Marriage Defining Marriage

Before discussing the three major forms of marriage, it is useful to discuss definitions of marriage itself. While marriage is often believed to be a universal feature of culture, it is a difficult feature to define. Radcliffe-Brown (1950, pp. 11-12, 50) defined marriage as a transfer of rights in the new spouse. These are rights of sexual access, rights to claim offspring, and rights to the spouse's labor. In this definition, Radcliffe-Brown recognized cross-cultural variability within each set of rights while emphasizing that marriage is a cultural creation, since it consists of rights and obligations rather than behavior. The social and behavioral tie we call marriage involves several of the following behavioral elements, most of which were suggested by Murdock (1949). The idea that marriage consists of a sexual relationship plus several other traits also makes a useful working definition. These traits include:

a sexual relationship that is socially approved childbirth that is socially approved economic cooperation and sharing coresidence of spouses expected duration for some years, at least a ritual or transaction marking entrance to marriage.

Some foraging societies have little or no marker for entering marriage. In some with men's houses in each village, spouses do not constantly live together. In some societies people move through several marriages and divorces over a lifetime, so durability is questionable. For example, among the forest period Ache, a foraging group of South America, the average duration of first marriage was only 7.7 months for women and 14.3 months for men. By age 30, women on average had been in over 10 marriages (Hill and Hurtado, 1996, pp. 230, 245).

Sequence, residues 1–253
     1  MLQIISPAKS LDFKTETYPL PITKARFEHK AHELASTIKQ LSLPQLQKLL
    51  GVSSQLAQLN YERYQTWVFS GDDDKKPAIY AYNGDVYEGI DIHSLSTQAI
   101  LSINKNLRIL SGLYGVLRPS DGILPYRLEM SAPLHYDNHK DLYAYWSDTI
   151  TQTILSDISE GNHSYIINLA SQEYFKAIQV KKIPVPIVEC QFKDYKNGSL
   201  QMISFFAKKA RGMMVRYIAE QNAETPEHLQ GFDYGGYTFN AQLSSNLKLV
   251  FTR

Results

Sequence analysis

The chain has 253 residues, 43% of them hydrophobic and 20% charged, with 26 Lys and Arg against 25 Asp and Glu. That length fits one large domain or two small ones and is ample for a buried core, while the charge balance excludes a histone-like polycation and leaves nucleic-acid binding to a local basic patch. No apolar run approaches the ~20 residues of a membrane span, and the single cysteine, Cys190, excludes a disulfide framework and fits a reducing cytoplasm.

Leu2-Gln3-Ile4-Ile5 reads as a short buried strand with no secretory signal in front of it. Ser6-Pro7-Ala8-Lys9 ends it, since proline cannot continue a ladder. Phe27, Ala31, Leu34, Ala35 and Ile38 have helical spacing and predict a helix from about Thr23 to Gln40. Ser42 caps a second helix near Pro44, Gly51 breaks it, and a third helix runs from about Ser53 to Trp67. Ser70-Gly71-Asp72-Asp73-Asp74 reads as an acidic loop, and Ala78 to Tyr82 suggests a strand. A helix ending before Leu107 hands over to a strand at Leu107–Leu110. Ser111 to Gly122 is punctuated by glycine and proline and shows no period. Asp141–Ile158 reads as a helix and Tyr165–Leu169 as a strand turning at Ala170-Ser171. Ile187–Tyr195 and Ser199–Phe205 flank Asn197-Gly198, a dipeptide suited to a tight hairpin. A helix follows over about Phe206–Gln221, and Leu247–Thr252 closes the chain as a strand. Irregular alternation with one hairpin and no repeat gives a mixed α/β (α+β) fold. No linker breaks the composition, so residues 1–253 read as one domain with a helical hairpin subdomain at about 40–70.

The Na, an ethnic group within China, presents the most recent challenge to the universality of marriage. In this matrilineal culture, most men and women live in the home into which they were born. Most sex before recent decades occurred through men's furtive visits to women's bedrooms at night. Both women and men had almost complete sexual freedom, except that women were required to take a passive role, always receiving or rejecting male sexual visitors rather than going to visit on their own initiative. Members of Na society can point out the genitors of most children, but these genitors have no claims over children and no obligations to them, and this makes no difference to the status of the child. Marriage does exist in the case of the only son in a family. Without daughters, the family line cannot be passed down. Complex transactions and rituals mark entrance into marriage. The wife and her offspring are adopted into the husband's family. The spouses have rights of sexual access to each other, and each is obliged to work for the benefit of the larger family, and she can eventually succeed to the position of female household chief, should her mother-in-law die. It is forbidden for the wife to return to her own home (Hua, 2001, pp. 185-236, 303-334). If we focus on Na marriage being practiced by a minority of members we would conclude that they are an exception to the universality of marriage. However, if we focus on marriage existing as a cultural institution known by all, we would only regard the Na as unusual, rather than exceptional. The Na have marriage in Radcliffe-Brown's sense of a set of rights transmitted, but not in the sense of behaviors that are typical of the bulk of group members.

Pregnancy And Childbirth

Pregnancy And Childbirth

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